Universal Power

Recognition programs can help drive employee engagement worldwide, but HR must attend to certain specifics, according to this special advertising section on rewards and recognition.

Wednesday, September 2, 2009
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What can global employers do to engage their employees around the world? Pay high salaries? Provide a robust benefits package? Offer career-development opportunities?

While all of these are certainly drivers of motivation, there's one universal practice that is sometimes overlooked when trying to energize an overseas workforce: reward and recognition programs.

Even though such programs positively impact American workers, some employers aren't totally convinced that they have the same effectiveness beyond the border. They point to differences in cultures, traditions and lifestyles as potential reasons why they may not succeed. Would a manager's thank-you note engage employees in Brazil the same way it does in London or Tokyo?

O.C. Tanner is now answering this question with concrete data. Last year, the Salt Lake City-based company specializing in employee appreciation tried to remove the guesswork by commissioning Towers Perrin (which is in the midst of finalizing merger plans with Watson Wyatt Worldwide to become Towers Watson) to conduct an e-mail survey, called the 2008 Global Recognition Study, to find out what employees thought about their company's rewards and recognition program, what types of awards they preferred and how they wanted to be recognized for work accomplishments.

Administered through Harris Interactive and translated into each employee's native language, more than 10,300 employees were surveyed in 13 countries (including the United States) on six continents. The results echoed what O.C. Tanner and others have been saying for some time -- that appreciation has a big impact on employee retention and engagement anywhere in the world.

Unfortunately, organizations worldwide received a failing grade on how well they actually do just that -- i.e., appreciate their workforce, says Christina Chau, senior market research analyst at O.C. Tanner. She says only 7 percent of survey participants stated that their employer does an excellent job of appreciating their efforts.

"We were able to validate a lot of things that we had always preached about," Chau says. "Now we have actual data to prove it."

One surprising survey result was that an employer's brand or logo on awards proved to be a big driver of engagement for those who take pride in their job or company. Beforehand, she says, company logos weren't really considered to have much influence on employee motivation.

In addition, there were both subtle and stark differences across countries and cultures.

In China and India, says Chau, 80 percent of respondents stated that they valued a certificate of achievement, lapel pins or other trinkets that commemorated years of service and pointed to public events -- where they were formally recognized in front of their peers and family -- as their best recognition experience.

However, it was just the opposite in Japan, where half of those surveyed preferred to be praised by their boss in private.

Responses also varied for top work motivators -- what motivated people to get up each morning and go to work. While the reason isn't yet clear, she says, the top response in Germany was the ability to work independently. But in most countries, top work motivators involved performing exciting, challenging and varied work. Employer appreciation fell somewhere in the middle, except in Japan, where it was ranked No. 1.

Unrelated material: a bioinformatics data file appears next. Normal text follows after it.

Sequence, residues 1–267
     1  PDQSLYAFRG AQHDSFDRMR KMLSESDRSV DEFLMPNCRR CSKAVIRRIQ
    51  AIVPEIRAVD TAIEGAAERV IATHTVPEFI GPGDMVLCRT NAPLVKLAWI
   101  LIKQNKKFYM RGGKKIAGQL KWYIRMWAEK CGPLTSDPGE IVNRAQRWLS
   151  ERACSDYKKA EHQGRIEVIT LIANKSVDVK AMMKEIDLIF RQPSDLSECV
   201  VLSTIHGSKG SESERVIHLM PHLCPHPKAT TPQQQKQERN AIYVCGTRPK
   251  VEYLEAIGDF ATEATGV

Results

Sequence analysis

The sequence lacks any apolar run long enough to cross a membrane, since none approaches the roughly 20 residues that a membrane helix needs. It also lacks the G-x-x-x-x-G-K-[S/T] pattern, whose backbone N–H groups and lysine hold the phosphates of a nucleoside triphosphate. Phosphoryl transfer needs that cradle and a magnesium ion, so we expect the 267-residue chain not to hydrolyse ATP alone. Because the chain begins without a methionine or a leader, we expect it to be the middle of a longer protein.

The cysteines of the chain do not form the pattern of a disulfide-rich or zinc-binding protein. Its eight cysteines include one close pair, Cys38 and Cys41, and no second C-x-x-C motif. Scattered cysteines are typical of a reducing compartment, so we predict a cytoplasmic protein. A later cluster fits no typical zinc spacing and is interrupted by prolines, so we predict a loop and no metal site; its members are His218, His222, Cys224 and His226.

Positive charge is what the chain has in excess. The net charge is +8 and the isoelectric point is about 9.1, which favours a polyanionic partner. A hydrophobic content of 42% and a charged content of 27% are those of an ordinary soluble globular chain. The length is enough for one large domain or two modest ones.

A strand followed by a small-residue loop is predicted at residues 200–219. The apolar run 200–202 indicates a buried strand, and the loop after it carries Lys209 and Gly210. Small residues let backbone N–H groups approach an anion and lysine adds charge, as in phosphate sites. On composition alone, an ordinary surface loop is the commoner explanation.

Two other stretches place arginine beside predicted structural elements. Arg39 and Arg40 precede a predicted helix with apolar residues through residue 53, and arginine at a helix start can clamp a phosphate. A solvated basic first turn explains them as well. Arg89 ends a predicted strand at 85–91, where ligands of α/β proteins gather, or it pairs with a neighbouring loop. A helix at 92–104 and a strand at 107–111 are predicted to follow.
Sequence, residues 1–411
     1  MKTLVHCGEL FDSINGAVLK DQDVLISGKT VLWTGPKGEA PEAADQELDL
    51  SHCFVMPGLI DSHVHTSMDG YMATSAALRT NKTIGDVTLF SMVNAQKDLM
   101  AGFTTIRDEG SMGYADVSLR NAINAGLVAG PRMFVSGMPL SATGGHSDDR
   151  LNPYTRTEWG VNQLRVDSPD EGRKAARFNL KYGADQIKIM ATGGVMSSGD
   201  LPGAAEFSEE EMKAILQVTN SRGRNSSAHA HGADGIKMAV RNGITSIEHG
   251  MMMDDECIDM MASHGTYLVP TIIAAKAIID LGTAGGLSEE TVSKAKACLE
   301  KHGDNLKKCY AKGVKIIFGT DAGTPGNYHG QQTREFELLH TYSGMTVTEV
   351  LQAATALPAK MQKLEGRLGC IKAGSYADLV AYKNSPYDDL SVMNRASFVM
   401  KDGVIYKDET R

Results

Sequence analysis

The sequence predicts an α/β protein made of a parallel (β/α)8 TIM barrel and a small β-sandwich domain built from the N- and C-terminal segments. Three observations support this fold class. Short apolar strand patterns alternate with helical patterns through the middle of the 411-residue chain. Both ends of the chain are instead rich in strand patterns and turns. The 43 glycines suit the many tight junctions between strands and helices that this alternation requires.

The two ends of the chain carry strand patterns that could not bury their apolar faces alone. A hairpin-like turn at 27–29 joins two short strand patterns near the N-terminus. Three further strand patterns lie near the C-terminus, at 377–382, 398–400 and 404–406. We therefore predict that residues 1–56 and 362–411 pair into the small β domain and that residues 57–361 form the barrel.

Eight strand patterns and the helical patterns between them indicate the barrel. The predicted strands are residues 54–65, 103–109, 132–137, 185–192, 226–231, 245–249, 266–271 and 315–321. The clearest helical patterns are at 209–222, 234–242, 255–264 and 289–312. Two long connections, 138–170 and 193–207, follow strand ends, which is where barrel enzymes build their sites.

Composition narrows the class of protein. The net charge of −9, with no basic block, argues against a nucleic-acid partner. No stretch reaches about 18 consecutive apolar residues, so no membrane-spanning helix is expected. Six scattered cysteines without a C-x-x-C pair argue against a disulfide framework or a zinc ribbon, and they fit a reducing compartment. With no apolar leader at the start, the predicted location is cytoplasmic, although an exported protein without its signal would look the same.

What's more, survey participants in China, Japan and the United Arab Emirates wanted more formal recognition programs than those in other countries.

Scott Christopher has noticed other differences. For example, he says, Belgian and Romanian employees prefer formal types of recognition, such as e-mailing thank-you notes.

"They said, 'We are not the type of people who, on a day-to-day basis, will pat someone on the back and say, 'Thanks for working on the project last night,' " adds Christopher, director of speaking and training at the Carrot Culture Group, O.C. Tanner's training arm. "They say, 'We're just not wired that way, we're not one-on-one relationship builders.' "

According to Christopher, many of the employees who recently attended his training session on recognition were reluctant to participate, believing his techniques would be "too folksy" or too Americanized. But after showing them the survey data that demonstrated the large, global role that appreciation plays in driving employee engagement, he says, they were ready to listen.

Still, employees in the United Kingdom have been his toughest audience and, by far, the most skeptical of American "touchy-feely" recognition programs, he says. Now, however, the poor global economy is slowly changing their minds. With more British companies merging or being bought out, he says, U.K. employers are considering recognition programs as inexpensive, yet effective, ways to unite the disparate cultures throughout their organization.

Meanwhile, Christopher says, the survey helps prove that recognition programs are no longer a "Yankee thing." He'll continue using its data to explain how and why such programs are critical to not only employee engagement, but a company's bottom line.

"My job has gotten easier because of the survey," he says, explaining that it helps employers become more amenable to Western ideas.

"Little by little," he adds, "you convince their heart and soul and they internalize it. It starts to become more organic. But it takes time."

Focus on "How"

For some multinational employers, the survey's results simply reinforce what they already knew and have been practicing for years.

This past year, The Nielsen Co., based in New York, rolled out a new global-recognition program called Excellence.

"We put a task force in place to create this," says Eric Lange, senior vice president of HR at the research firm, which employs 35,000 employees in approximately 100 different countries. "We had people from around the world -- mostly HR people and some management -- explain what mattered in their part of the world, then rolled out the program that acknowledged differences based on where you are."

Employees receive a bronze, silver, gold or platinum award along with a gift they choose from an online catalog. To determine which award to hand out, managers complete a form, which asks a series of questions, such as, "Is the employee's accomplishment outside the normal scope of his or her job?" or "Did the impact of the employee's accomplishment affect his or her individual business unit, the region or country, or Nielsen as a whole?"